It can be unnerving when your sex drive isn’t behaving like you want or expect it to. For women, personal concerns about low libido can be compounded by fun things like accusations of frigidity. What’s more, female sexual desire is a complicated issue rooted in both the brain and the body, and we’re still figuring out how it works.
Libido struggles are also common: At least 4 in 10 premenopausal women report some measure of sexual dysfunction. “At some point in life, every woman will struggle with libido issues,” says Alexandra Katehakis, clinical director of the Center for Healthy Sex in Los Angeles. “It’s totally normal.”
We spoke to experts on both the psychological and physiological ends of the sex-medicine spectrum. If you have a vagina, here’s what to know about getting care for getting it on.
A laundry list of interrelated factors can undergird libido problems. Here are some common culprits:
Lifestyle factors: Daily routines can play a significant role in arousal. Various good-for-you habits appear to protect against sexual dysfunction, whereas sleep problems, unhealthy diet and physical inactivity have been linked to low libido. Among other things, poor lifestyle habits often lead to increased levels of fatigue and stress, which are known enemies of sexual desire.
Illness: Many medical conditions and procedures can curb your desire for sex, says Katehakis, who points to the link between diminished sex drive and pelvic pain disorders such as dyspareunia, vulvodynia and vaginismus. While these conditions aren’t likely to affect sex drive on their own, they can make sexual activity painful. As a result, someone might associate sex with physical discomfort, thereby creating a negative feedback loop that depressess desire. Breast surgeries and genital operations, whether elective or medically necessary, can also affect sexual function and body image, which are both elements in the desire equation.
Nonsexual medical conditions can have an impact too. Fatigue from a cold or the flu can make it hard to get in the mood for as long as you’re sick. The same is true of longer-term or chronic medical conditions, such as multiple sclerosis, fibromyalgia, lupus and certain autoimmune disorders. Medications for these conditions can also cause fatigue, potentially amplifying any libido effects.
Those are only a few of the medical conditions that could be relevant to a listless sex drive. Arthritis, cancer, diabetes and high blood pressure are also on the list — and it goes on for a while. Could is a key word, though, because health problems can interact with desire in different ways for different women.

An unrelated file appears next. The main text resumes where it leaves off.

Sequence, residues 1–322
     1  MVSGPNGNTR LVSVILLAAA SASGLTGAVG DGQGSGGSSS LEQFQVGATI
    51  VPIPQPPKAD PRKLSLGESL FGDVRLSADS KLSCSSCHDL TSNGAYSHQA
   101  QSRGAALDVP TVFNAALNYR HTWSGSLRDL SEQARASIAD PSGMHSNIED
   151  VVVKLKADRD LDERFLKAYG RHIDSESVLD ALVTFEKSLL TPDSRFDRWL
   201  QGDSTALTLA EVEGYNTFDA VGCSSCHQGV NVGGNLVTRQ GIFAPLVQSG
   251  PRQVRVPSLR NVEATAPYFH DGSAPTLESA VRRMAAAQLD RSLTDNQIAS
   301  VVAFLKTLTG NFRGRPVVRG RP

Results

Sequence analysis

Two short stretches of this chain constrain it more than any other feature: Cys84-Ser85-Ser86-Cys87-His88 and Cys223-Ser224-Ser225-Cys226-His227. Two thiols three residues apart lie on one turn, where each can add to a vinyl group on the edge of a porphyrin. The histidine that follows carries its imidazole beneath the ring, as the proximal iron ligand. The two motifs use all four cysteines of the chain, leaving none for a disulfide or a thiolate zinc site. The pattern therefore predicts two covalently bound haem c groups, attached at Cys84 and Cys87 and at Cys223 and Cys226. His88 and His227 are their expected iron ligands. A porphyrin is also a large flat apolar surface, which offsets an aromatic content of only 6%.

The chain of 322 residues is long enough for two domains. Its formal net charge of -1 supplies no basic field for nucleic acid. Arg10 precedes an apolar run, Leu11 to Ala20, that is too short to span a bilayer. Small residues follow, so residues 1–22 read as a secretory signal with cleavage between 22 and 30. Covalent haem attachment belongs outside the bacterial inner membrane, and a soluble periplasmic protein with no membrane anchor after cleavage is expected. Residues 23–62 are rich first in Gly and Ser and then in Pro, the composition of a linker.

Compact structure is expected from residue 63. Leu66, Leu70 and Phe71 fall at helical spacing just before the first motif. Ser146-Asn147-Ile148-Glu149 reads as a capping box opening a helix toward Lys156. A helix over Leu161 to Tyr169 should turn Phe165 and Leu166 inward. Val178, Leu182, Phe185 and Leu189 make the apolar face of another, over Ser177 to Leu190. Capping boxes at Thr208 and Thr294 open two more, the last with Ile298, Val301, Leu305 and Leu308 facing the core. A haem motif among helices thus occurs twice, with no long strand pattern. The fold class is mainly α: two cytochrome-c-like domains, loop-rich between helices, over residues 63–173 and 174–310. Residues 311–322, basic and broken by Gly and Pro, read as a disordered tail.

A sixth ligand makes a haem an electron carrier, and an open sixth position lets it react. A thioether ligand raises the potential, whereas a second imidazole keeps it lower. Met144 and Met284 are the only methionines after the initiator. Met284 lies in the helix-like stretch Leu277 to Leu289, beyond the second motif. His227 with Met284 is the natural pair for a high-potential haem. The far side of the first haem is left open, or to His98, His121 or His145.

Mental health: Both mood disorders and the medications that treat them can interfere with sexual desire. Sudden loss of libido is a warning sign of depression in women. Selective serotonin reuptake inhibitors (SSRIs), such as Lexapro, are the most frequently prescribed type of drug for anxiety and depression, and a lowered sex drive is one of their most commonly cited side effects. It’s possible that long-term SSRI use leads to persistent changes in brain chemistry related to sexual desire, says Dr. Sharon Parish, a physician who specializes in sexual medicine and a professor of medicine in clinical psychiatry at Weill Cornell Medicine in New York.
Psychological trauma from physical or sexual abuse, or other emotionally difficult experiences, can also influence sex drive. Poor or distorted body image and feelings of physical undesirability have been associated with sexual disinterest as well. One Brazilian study on women with polycystic ovary syndrome, or PCOS, found that the disorder contributed to “body image dysfunction” in some of the women surveyed. In turn, these PCOS-related body image distortions were found to amplify the symptoms of depression and sexual dysfunction already associated with the disorder.
Hormones: Menopause comes with hormonal shifts known to diminish libido. Common symptoms like vaginal pain and dryness can be addressed with hormone replacement therapy and/or laser surgeries. Pregnancy and breastfeeding also bring about hormonal changes that can temporarily dampen sex drive, as can hormonal birth control and thyroid imbalances.
When “not in the mood” warrants help
While we all deserve to have satisfying sex lives, every woman has her own relationship with sex and desire, and her own barometer for what’s “normal.” Symptoms of low sex drive, according to the Mayo Clinic, include losing interest in any type of sexual activity, including masturbation; never or rarely having sexual fantasies or thoughts; and feeling worried about your lack of interest. The Mayo Clinic emphasizes that the worry in and of itself is reason enough to seek care.
Katehakis recommends that any woman dealing with low libido seek out professional advice “as soon as it’s a problem for her, her partner and their sex life.” But given how complicated libido problems can be, women who feel they need professional help might not know who to turn to. No matter what the precise libido concern is, Katehakis says, it’s a good idea to see a gynecologist. Some patients opt to use Eastern medicine instead, she says, and there’s some evidence to suggest that techniques like yoga, mindfulness and acupuncture can enhance sexual function. But it still makes sense to start with an MD, who will be able to identify or rule out underlying medical causes and refer patients to specialists. If painful sex is part of the problem, for example, they might send you to a pelvic floor specialist.